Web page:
ILLINOIS APPELLATE COURT FIRST DISTRICT, FOURTH DIVISION.
APRIL 10, 1968.
THE PEOPLE OF THE STATE OF ILLINOIS, PLAINTIFF-APPELLEE,
EARL K. HANEY, DEFENDANT-APPELLANT.
Appeal from the Circuit Court of Cook County; the Hon. PAUL G.
CEASAR, Judge, presiding. Affirmed.
MR. JUSTICE ENGLISH DELIVERED THE OPINION OF THE COURT.
Rehearing denied May 17, 1968.
Driving while under the influence of intoxicating liquor. *fn1
After a bench trial, defendant was found guilty and fined $100.
CONTENTIONS ON APPEAL
(1) The information does not charge a crime.
(2) The evidence does not prove defendant's guilt beyond a reasonable doubt.
(3) The court erred in sustaining the State's objection to a line of cross-examination designed to reveal bias on the part of the arresting officer.
Vincent Sodaro, for the State
On the morning of December 27, 1965, Sodaro, a police officer, was proceeding in a squad car west on West 95th Street, Oak Lawn, when he observed that as defendant's car approached from the opposite direction, it crossed the center line, causing Sodaro to pull onto the right shoulder of the road to avoid a collision. He thereupon turned the squad car around and pursued defendant. As the squad car drew alongside defendant's car, defendant did not stop immediately but continued driving on the right shoulder. When defendant stopped and got out of his car, he was staggering and holding on to the door. Sodaro also smelled the odor of alcohol.
Sodaro then took defendant to the Oak Lawn police station, observing the manner in which defendant walked from the squad car to the station, a distance of 150 to 200 feet. On the basis of his observation, he found that defendant was very belligerent, his walking was very bad, his balance was at all times swaying and wobbly, his speech was thick-tongued, and his eyes were bloodshot. Sodaro was an experienced police officer, having made 500 such arrests over a period of eight years. In his opinion, defendant was under the influence of intoxicating liquor and was unfit to drive. At the police station defendant refused to take a breathalizer or any other tests. Defendant asked for and was given permission to phone his attorney.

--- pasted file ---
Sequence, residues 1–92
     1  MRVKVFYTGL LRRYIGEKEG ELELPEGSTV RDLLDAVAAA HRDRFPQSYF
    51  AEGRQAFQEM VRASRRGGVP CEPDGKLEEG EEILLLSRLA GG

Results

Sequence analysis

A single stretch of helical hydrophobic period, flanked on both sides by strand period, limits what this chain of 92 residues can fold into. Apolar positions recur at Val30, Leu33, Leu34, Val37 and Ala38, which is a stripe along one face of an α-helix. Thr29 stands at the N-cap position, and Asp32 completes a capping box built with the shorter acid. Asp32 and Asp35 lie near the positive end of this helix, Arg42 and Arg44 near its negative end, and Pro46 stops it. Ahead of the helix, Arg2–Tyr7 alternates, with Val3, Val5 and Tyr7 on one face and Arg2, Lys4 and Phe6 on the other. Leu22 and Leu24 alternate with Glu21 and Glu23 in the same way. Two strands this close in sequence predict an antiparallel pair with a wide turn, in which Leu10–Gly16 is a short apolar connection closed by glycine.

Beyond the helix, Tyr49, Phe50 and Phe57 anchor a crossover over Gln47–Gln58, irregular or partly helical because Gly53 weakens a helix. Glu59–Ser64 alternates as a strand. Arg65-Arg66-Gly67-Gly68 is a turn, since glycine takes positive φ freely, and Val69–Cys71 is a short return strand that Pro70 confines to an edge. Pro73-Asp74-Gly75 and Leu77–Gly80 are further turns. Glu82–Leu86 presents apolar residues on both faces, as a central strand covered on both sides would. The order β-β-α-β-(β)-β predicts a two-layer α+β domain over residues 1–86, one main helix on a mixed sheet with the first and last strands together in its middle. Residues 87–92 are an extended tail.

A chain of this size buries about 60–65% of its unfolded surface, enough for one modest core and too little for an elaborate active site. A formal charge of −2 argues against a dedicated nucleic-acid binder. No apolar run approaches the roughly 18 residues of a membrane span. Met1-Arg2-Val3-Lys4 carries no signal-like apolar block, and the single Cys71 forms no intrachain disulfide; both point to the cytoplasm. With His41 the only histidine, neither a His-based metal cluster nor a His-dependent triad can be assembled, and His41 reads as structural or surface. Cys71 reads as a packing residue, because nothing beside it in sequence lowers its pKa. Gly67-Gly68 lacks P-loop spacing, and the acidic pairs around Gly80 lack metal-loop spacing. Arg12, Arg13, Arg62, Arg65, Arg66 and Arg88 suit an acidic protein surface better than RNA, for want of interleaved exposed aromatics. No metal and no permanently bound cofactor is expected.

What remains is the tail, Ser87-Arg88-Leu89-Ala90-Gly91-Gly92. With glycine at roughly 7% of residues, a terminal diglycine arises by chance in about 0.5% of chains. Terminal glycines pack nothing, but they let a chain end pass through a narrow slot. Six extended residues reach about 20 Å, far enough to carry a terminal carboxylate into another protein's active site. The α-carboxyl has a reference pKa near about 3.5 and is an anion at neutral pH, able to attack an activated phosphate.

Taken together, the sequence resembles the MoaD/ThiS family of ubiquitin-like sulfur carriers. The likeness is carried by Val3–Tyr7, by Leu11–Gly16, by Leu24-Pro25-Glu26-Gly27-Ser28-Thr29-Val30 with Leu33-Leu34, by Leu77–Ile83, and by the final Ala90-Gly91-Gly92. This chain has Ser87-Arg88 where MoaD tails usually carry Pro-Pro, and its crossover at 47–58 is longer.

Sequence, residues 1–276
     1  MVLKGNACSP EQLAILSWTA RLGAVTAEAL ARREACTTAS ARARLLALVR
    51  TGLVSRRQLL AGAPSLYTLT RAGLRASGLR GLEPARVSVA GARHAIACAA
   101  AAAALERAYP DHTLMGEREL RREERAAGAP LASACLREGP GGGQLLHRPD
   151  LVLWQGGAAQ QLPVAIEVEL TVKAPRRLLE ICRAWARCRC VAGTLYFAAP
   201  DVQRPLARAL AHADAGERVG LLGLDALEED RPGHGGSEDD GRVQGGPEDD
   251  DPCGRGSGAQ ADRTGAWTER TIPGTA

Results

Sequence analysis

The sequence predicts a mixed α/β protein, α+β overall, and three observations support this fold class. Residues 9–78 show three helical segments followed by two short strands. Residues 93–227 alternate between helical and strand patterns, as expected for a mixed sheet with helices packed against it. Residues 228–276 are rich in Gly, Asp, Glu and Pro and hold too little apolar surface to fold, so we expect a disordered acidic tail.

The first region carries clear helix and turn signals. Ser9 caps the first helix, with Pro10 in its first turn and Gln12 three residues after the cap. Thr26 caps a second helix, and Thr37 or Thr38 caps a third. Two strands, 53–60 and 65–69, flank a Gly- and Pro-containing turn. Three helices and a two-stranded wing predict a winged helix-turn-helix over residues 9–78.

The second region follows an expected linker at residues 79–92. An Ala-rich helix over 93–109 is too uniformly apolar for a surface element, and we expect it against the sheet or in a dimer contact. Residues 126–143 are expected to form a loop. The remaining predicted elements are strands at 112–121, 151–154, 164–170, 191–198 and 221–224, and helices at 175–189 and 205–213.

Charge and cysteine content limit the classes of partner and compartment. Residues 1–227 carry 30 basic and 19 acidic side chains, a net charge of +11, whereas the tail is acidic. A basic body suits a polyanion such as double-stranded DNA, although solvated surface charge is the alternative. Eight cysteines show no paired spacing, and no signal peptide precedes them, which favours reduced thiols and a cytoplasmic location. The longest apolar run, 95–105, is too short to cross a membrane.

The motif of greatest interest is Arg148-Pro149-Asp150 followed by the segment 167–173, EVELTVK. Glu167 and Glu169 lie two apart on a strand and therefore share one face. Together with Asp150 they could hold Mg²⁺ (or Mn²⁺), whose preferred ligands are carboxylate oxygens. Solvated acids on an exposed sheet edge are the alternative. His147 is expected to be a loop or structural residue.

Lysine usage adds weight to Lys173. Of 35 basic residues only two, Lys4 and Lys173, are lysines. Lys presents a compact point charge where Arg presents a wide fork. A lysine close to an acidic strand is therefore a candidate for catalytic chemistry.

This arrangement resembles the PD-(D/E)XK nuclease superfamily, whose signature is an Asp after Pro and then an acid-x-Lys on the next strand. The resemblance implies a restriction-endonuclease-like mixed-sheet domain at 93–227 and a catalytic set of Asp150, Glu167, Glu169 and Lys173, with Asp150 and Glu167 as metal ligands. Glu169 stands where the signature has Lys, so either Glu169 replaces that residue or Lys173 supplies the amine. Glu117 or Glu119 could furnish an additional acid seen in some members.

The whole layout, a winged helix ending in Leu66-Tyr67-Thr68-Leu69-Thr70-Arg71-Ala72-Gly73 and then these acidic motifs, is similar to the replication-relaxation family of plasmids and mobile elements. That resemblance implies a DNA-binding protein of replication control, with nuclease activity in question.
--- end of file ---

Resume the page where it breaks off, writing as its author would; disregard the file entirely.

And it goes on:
On cross-examination, Sodaro testified that he had authorized defendant to drive his car into a parking lot on the other side of 95th Street because, while he knew defendant had been drinking, he had no opinion of defendant's intoxication at that time.
The defense sought to examine Sodaro to show that he had believed defendant was connected with the Liquor Mart at 87th Street and Ridgeland Avenue, and that because of this connection he had called defendant a gangster. He testified, however, that he had not known defendant before the time in question; that he had connected defendant with the Liquor Mart only because defendant had in his possession a vehicle sticker registered to that address; and that he had not called defendant a gangster. The court then sustained the State's objection to this line of questioning.
Later in the proceedings, in answer to the court's direct question, Sodaro stated that defendant explained the crossing of the center line of the street by saying that he was reaching for his cigarette.
Earl K. Haney, defendant
He claimed that the officer mistakenly associated him with the Liquor Mart because of the vehicle sticker which, in fact, belonged to his brother; that the officer, because of his beliefs about the management of the Liquor Mart, referred to him as a gangster and was "thoroughly abusive." He told the officer that he had inadvertently crossed the yellow line in the street while trying to retrieve a lighted cigarette which he had dropped in his lap; and that he had not stopped immediately because he had not realized at first that the officer was trying to stop him. He also told the officer that he had consumed four drinks during the course of the evening. He declined to take the breathalizer test on prior advice of counsel.
Lendol D. Snow, for defendant
(This witness was counsel for defendant, but he received the court's permission to testify.) Based on his interview with defendant at the police station within an hour after his arrest, and on his telephone conversation with defendant twenty minutes earlier, it was his opinion that defendant was not in any manner intoxicated or under the influence of alcohol, although he was obviously agitated and upset. Defendant had told Snow that the officer had been abusive and had called him a gangster.
(1) Defendant contends that the judgment is void because the information failed to charge a crime. Such an error may be challenged for the first time upon review. See People v. Stringfield, 37 Ill. App.2d 344, 346, 185 N.E.2d 381, and cases cited therein.
The information stated that defendant had operated a motor vehicle upon a public highway in violation of the applicable statute (see footnote above) by "driving under the influence of liquor." This section provides that it is unlawful for any person who is "under the influence of intoxicating liquor" to drive any vehicle within this State. The point raised by defendant is, therefore, whether the omission of the word "intoxicating" on the face of the information rendered it fatally defective. We are aware of no Illinois decision on this point.
Article II, § 9 of the Illinois Constitution declares that in all criminal prosecutions the accused shall have the right to demand the nature and cause of the accusation against him. "The purpose of this guaranty is to give the accused such specific designation of the offense as will enable him to prepare his defense and to plead the judgment in bar of a subsequent prosecution for the same offense." People v. Brown, 336 Ill. 257, 258, 168 N.E. 289, and see People v. Petropoulos, 59 Ill. App.2d 298, 317, 318, 208 N.E.2d 323, affirmed, 34 Ill.2d 179, 214 N.E.2d 765, for reference to numerous other authorities on this point.